Critical Care Updates: Resuscitation Sequence Intubation – Hypoxemia Kills (Part 2 of 3)

29 Sep
September 29, 2016

Resuscitation Sequence Intubation - Hypoxemia Kills

This blog post is the second part of a series of 3, on a recent lecture I was asked to give  on Critical Care Updates: Resuscitation Sequence Intubation. This talk was mostly derived from a podcast by Scott Weingart (Twitter: @EMCrit) where he talked about the physiologic killers during preintubation and perintubation. In this podcast, Scott mentions the HOp killers: Hypotension, Hypoxemia, and Metabolic Acidosis (pH) as the physiologic causes of pre-intubation/peri-intubation morbidity and mortality. Taking care of these critically ill patients that require intubation can be a high stress situation, with little room for error.  In part two of this series we will discuss some useful strategies at the bedside to help us reduce pre-intubation/peri-intubation hypoxemia.

What was the Premise of this Talk?

  • Resuscitate Before You Intubate
  • Hefner AC et al [1] and Kim WY et al [2] evaluated over 2800 patients requiring emergency intubation. In both trials the rate of cardiac arrest (CA) within 10 minutes of intubation ranged from 1.7% – 2.4%. Both trials listed pre-intubation hypotension (SBP ≤90mmHg) as a risk factor for cardiac arrest. Hefner AC et al also mentioned hypoxemia as a risk factor as well.

What are the Physiologic Killers Pre-intubation/Peri-intubation?

Hypoxemia Kills

  • The Basics:
    • Think NO DESAT (Nasal Oxygen During Efforts Securing A Tube)
    • NC at 15LPM + NRB at 15LPM (In all actuality you are turing the O2 all the way up, which may be more than 15LPM)
    • If you cannot get the O2 Saturation ≥95%, then consider the following:
      • Lung Shunt Physiology (i.e. Pulmonary Edema, Pneumonia, etc…).  These patients still need oxygen, but also need PEEP to recruit atelectatic alveoli to overcome the shunt
  • Intervention 1: NC 15LPM + BVM 15LPM + PEEP Valve 5 – 15cmH20
    • You don’t need to bag these patients, they need a tight seal and jaw thrust (i.e. Apneic CPAP Recruitment)
    • Bottom Line:  In critically ill patients in which you cannot get O2 Sats ≥95%, consider shunt physiology and use Apneic CPAP Recruitment
  • Intervention 2: Delayed Sequence Intubation (DSI)
    • Procedural sedation for the procedure of preoxygenation
      • Give 1mg/kg IV Ketamine -> Preoxygenate -> Paralyze the Patient -> Apneic Oxygenation -> Intubate
    • Evidence: Weingart et al Ann Emerg Med 2015 [1]
      • Observational trial with >150 intubations -> 62 patients uncooperative/combative
      • Mean O2 Saturation increased from 89.9% unto 98.8%
      • No Complications
    • Bottom Line:  In critically ill, agitated patients, who are hypoxemic, that need to be intubated, consider using DSI, which is procedural sedation for preoxygenation.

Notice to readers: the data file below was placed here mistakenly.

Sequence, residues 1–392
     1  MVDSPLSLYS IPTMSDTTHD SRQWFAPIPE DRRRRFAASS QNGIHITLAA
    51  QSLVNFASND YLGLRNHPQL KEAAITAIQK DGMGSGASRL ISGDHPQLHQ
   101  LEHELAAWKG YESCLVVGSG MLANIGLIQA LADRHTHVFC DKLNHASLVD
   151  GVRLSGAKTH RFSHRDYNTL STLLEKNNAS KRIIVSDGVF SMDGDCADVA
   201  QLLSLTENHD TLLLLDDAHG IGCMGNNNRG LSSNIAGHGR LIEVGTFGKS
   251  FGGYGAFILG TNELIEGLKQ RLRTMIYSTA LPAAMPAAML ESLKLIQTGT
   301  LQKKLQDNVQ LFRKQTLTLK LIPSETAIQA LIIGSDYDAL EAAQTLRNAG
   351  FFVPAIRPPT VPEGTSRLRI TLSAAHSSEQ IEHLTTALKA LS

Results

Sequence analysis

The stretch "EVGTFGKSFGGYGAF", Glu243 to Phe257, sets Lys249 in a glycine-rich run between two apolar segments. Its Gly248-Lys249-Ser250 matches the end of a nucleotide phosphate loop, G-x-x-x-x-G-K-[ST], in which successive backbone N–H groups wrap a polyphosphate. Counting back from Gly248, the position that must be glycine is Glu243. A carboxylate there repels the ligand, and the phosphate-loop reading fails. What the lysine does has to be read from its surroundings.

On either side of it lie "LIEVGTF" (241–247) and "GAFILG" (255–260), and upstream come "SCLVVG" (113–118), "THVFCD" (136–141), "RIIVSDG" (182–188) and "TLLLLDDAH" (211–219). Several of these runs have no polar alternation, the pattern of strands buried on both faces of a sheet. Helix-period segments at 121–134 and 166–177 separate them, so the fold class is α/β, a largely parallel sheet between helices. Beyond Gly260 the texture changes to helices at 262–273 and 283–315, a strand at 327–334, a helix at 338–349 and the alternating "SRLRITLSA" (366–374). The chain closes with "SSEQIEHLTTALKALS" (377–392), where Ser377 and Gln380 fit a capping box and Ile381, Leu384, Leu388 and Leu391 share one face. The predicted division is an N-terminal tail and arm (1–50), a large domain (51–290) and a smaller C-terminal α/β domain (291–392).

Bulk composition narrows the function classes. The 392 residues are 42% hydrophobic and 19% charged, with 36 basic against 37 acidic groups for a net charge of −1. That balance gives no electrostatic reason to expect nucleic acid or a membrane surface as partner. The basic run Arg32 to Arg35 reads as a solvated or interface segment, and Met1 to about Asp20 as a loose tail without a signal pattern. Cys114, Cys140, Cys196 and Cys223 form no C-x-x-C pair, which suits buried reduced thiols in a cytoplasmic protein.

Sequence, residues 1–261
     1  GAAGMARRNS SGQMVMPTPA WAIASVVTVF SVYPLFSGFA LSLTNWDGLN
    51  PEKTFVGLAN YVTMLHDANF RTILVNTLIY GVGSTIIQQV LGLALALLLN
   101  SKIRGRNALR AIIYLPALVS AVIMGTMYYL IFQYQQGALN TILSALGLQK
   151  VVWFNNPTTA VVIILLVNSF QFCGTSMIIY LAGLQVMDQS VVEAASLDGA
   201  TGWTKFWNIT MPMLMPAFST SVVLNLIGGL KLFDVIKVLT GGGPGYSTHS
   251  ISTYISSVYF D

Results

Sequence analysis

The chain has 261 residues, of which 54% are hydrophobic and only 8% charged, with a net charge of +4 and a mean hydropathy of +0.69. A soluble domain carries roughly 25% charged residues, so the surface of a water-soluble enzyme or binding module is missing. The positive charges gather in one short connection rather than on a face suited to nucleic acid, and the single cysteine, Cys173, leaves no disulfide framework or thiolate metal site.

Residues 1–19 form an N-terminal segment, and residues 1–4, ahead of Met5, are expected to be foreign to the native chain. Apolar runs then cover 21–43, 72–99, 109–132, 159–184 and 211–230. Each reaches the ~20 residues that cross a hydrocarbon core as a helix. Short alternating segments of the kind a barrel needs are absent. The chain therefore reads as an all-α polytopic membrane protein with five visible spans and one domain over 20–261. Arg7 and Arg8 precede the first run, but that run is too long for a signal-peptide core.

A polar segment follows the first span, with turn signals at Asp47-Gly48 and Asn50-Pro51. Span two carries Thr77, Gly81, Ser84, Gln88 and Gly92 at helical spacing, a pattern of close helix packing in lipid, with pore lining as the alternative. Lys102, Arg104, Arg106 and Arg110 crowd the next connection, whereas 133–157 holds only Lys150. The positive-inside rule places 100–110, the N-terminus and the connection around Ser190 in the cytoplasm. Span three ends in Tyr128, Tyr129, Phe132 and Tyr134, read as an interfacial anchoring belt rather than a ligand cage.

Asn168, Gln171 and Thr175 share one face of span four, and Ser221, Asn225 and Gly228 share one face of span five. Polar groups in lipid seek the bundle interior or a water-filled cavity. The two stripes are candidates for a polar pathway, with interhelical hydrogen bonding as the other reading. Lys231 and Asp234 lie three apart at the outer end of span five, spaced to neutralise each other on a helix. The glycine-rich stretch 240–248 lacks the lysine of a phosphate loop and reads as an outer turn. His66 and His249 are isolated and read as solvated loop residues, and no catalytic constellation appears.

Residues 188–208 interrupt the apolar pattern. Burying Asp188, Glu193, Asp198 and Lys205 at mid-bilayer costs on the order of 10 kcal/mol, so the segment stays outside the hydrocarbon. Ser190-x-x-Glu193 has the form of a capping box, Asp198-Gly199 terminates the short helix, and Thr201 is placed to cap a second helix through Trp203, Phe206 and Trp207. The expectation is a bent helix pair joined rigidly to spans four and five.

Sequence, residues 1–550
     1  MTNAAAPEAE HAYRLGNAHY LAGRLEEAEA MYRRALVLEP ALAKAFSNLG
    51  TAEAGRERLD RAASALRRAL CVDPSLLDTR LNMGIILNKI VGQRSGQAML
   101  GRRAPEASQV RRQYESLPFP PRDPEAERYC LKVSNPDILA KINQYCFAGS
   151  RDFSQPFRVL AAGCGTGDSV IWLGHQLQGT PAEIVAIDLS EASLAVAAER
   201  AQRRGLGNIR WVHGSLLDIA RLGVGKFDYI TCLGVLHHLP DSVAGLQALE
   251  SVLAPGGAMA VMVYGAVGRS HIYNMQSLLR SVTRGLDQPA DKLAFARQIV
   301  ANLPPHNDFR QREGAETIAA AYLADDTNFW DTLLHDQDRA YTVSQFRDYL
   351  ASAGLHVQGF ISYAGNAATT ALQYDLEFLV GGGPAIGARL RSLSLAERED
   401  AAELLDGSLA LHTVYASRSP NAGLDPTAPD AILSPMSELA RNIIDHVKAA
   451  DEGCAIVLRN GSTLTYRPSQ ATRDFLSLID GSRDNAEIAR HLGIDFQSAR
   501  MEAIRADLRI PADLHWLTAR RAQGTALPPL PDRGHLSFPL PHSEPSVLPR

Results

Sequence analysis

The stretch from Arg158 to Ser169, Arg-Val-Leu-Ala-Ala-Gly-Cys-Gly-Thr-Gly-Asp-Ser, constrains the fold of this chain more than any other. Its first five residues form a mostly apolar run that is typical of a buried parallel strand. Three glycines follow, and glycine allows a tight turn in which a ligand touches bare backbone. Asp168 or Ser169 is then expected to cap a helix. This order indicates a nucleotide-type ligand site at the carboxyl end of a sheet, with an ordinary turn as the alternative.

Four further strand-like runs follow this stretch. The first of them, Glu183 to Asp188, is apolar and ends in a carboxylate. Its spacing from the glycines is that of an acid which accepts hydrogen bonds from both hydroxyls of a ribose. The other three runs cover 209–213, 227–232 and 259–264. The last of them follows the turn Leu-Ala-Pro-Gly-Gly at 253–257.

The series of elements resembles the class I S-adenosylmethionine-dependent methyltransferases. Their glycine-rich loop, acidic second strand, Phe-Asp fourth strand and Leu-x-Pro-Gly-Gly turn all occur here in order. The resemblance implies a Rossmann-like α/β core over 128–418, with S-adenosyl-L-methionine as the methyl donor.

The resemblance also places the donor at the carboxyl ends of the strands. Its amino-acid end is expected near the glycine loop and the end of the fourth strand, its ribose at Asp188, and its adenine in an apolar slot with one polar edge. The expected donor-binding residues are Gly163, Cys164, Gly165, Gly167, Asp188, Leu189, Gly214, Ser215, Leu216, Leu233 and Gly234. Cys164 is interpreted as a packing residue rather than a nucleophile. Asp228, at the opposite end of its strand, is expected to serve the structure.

• Intervention 3: Back Up Head Elevated (BUHE) Intubation [2]
    • 528 Intubations
    • Primary Outcome: Composite of Any Intubation-Related Complication (Difficult Intubation ≥3 Attempts or > 10 min, Hypoxemia <90% O2 Sat, Esophageal Intubation, or Esophageal Aspiration
    • Primary Outcome Results:
      • Standard Supine Intubation: 22.6%
      • BUHE Intubation 9.3%
    • Bottom Line: BUHE still needs prospective external validation in an ED setting, but seems to decrease intubation-related complications in comparison to standard supine intubation

Clinical Bottom Line:

  • Pre-Intubation Hypoxemia is a risk factor for Peri-Intubation Cardiac Arrest:
    Options to Improve Hypoxemia:
  • Start with NO DESAT (Nasal Oxygen During Efforts Securing A Tube) at 15LPM + NRB at 15LPM
  • If you don’t get the O2 Sats ≥ 95% think about shunt physiology and consider the following interventions:
    • Intervention 1: NC 15LPM + BVM 15LPM + PEEP Valve 5 – 15cmH20 (Apneic CPAP Recruitment)
    • Intervention 2: Delayed Sequence Intubation (DSI)
    • Intervention 3: Back Up Head Elevated (BUHE) Intubation
  • Many of these interventions can be done simultaneously to ensure no hypoxemia

Credit to Scott Weingart (Twitter: @EMCrit) for creating the HOp Killers mnemonic.

For More Thoughts on This Topic Checkout:

References:

  1. Weingart SD et al. Delayed Sequence Intubation: A Prospective Observational Study. Ann Emerg Med 2015; 65(4): 349 – 55. PMID: 25447559
  2. Khandelwal N et al. Head-Elevated Patient Positioning Decreases Complications of Emergent Tracheal Intubation in the Ward and Intensive Care Unit. Anesth Analg 2016; 122(4): 1101 – 7. PMID: 26866753
  3. Mosier JM et al. The Physiologically Difficult Airway. WJEM 2015; 16(7): 1109 – 17. PMID: 26759664

Post Peer Reviewed By: Anand Swaminathan (Twitter: @EMSwami)

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Salim Rezaie

Emergency Physician at Greater San Antonio Emergency Physicians (GSEP)
Creator & Founder of R.E.B.E.L. EM
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